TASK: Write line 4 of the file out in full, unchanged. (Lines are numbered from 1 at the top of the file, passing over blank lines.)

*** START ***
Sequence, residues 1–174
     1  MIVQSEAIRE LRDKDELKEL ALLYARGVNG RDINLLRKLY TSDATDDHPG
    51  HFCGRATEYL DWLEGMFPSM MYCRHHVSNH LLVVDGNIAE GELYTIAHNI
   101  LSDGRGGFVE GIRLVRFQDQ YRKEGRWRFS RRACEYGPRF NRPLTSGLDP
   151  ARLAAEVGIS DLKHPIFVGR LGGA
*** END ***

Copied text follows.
   101  LSDGRGGFVE GIRLVRFQDQ YRKEGRWRFS RRACEYGPRF NRPLTSGLDP